Fellow She Writes Press author Tory McCagg invited me to join the My Writing Process Blog Tour.
First, I would like to tell you a little about her, then I will answer the four questions about my process, and then I will introduce you to the three wonderful writers who will continue the blog tour next week.
Tory explains how her writings explore the concept of home:
Because I tend to draw heavily on my life experiences in both my fiction and nonfiction, my writing tends towards my own sturm und dram: a degree of anxiety balanced by humor . . . and my search for home. All three books mentioned–Bittersweet Manor, Darwin’s View, and Mother Daze–have that at their heart: Home. The search for home. The being home. The saving of home. Be it a house, the world, or a state of mind, that is what my writing explores. www.torymccagg.com
Tory McCagg earned a M.F.A. from Emerson College’s writing program in 1989; her thesis and novel Shards won the Graduate Dean’s Award. In February 1997, her short story “Earthquake Weather” was a semi-finalist in the Tara Fellowships/Heekin Foundation. She has won two honorable mentions: one for “Enology” in 1998 (A. E. Coppard Prize for Fiction, White Eagle Coffee Store Press); the other for “Chain Material” in 2001 (Lorien Hemenway Short Story Competition). In 1999, “Roots”, a (since revised) chapter from her novel Bittersweet Manor was a semi-finalist in the New Millennium awards VIII contest. Her novel Bittersweet Manor came out on She Writes Press in May, 2014. Tory is an accomplished flutist. She is currently working on a non-fiction book, Darwin’s View: One Breath After Midnight; and a novel with the working title Angell Street Daze.
My Writing Process
What am I working on?
Everyone who has recently launched a novel will be familiar with what I am doing now: promoting my debut novel, In the Shadow of Lies: A Mystery Novel, in all the many ways possible to do so. However, I have come to believe that one of the best ways to promote it is to write the second Oliver Wright mystery novel, so I am hard at work researching the sequel (working title – Only the Dead) and devising its plot.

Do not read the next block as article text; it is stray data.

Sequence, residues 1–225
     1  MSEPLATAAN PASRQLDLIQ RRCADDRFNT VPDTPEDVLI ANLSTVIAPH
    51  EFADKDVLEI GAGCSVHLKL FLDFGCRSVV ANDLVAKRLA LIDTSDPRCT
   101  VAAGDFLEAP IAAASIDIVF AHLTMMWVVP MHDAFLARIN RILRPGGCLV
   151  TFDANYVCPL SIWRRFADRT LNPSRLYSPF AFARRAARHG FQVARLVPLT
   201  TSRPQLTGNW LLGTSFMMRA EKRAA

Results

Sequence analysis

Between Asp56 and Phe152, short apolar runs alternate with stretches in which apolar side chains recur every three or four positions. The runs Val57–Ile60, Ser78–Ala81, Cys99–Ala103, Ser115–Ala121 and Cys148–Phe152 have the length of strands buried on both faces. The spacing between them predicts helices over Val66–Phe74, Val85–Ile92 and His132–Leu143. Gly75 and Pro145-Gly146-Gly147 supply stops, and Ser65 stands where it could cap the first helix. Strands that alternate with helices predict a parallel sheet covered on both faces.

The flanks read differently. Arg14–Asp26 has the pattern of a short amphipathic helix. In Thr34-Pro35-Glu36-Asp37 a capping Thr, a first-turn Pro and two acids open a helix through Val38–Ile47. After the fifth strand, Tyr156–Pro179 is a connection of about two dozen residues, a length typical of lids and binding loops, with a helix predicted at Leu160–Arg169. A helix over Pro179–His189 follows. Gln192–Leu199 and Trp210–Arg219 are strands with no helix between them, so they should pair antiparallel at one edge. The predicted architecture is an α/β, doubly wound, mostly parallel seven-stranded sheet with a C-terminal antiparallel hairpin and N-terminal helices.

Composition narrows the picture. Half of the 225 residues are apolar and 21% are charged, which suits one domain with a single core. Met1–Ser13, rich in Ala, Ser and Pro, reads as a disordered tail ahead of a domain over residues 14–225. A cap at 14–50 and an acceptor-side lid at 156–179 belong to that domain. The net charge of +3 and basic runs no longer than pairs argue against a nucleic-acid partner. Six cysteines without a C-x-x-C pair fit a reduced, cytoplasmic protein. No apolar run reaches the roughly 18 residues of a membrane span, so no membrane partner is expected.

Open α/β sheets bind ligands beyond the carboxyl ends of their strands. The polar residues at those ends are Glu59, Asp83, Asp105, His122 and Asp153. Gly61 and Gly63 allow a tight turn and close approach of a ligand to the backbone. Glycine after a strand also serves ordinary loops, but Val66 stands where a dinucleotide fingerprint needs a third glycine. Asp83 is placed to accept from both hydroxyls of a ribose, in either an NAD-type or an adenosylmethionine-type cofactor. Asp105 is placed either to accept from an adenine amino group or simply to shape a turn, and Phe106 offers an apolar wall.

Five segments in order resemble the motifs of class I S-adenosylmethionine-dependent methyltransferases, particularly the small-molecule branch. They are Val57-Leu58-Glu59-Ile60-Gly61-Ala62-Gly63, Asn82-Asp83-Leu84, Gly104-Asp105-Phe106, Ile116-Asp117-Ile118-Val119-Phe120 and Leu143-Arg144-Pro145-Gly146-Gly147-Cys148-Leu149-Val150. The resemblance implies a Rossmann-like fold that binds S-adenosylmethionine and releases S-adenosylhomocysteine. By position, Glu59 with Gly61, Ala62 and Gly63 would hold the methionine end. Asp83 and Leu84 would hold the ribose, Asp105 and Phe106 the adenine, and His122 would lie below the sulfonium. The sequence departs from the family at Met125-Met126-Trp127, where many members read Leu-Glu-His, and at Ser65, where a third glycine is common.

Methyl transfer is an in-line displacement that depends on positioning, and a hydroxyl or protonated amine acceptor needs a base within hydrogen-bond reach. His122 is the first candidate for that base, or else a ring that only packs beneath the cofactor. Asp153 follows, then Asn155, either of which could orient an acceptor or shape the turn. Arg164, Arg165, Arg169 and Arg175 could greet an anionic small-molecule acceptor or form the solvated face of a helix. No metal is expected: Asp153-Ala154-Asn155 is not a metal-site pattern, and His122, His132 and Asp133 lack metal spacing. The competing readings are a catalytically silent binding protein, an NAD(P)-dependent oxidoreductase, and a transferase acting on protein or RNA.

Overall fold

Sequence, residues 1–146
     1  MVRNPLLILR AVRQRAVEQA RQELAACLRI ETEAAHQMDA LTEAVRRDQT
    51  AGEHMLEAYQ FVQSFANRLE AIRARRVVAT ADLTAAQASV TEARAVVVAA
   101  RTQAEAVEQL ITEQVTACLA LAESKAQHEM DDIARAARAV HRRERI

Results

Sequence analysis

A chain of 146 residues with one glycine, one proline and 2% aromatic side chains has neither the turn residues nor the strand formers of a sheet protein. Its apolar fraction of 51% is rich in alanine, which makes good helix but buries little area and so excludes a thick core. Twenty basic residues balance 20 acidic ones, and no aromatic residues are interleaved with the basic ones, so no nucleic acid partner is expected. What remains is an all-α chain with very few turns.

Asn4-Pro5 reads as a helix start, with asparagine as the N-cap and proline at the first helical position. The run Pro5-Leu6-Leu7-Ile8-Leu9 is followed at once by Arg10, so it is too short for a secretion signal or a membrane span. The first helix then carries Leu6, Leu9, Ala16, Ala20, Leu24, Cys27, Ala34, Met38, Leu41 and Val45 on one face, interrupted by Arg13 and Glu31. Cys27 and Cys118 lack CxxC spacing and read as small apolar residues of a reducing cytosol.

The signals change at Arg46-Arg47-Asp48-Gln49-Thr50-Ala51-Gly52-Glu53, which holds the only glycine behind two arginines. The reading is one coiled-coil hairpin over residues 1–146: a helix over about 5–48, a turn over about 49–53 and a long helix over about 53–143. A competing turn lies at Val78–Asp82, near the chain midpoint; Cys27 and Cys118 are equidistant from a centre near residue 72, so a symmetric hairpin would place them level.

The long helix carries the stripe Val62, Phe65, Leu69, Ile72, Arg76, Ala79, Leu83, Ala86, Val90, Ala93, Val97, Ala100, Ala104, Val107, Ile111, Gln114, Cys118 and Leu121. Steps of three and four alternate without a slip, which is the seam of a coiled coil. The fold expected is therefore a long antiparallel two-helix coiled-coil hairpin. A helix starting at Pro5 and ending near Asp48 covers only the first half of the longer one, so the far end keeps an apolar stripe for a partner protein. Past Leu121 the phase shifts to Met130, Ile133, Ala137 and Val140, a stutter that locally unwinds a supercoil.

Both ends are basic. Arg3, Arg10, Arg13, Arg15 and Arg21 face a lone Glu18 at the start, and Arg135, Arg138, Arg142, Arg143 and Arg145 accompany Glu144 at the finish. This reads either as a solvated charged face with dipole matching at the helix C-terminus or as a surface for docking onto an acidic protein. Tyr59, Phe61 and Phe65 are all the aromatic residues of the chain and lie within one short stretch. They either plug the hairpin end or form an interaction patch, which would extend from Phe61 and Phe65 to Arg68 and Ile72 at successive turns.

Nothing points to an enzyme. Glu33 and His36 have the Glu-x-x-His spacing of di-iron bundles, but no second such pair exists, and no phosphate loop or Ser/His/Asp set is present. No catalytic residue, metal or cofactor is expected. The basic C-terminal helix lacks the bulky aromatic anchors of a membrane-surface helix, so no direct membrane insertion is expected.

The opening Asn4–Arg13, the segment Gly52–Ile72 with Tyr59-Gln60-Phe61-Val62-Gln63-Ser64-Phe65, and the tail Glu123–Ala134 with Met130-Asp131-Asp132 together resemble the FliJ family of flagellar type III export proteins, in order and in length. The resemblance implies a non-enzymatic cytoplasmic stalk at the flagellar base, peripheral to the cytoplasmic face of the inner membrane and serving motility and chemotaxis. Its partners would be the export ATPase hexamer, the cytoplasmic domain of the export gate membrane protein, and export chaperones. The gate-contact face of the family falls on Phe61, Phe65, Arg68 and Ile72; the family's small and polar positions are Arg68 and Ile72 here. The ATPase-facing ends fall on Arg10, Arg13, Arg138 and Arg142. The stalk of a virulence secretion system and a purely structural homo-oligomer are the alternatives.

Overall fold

How does my work differ from others of its genre?
I have read thousands of mystery novels and enjoy many genres, but only a small number of them have been memorable. That is my dream: to write a memorable, thought provoking novel with characters that linger long after the reader has finished the book. The crimes in my mystery novels derive from actual social issues in the United States during the Second World War. They are set in the San Francisco Bay area.
Why do I write what I do?
First, I write to evoke a genuine emotional response from the reader — joy, anger, sadness. Second, to remind us of the past and introduce significant aspects of our history of which we may not have been aware. For example, few people know that the Ku Klux Klan was active in northern California up until the war, or that Italian Americans were almost relocated the way the Japanese were. I try to follow Isabel Allende’s advice, to write what should not be forgotten. Third, I write to entertain, to create a community of characters who entice the reader to join them in another time, another culture, and another place.
How does my writing process work?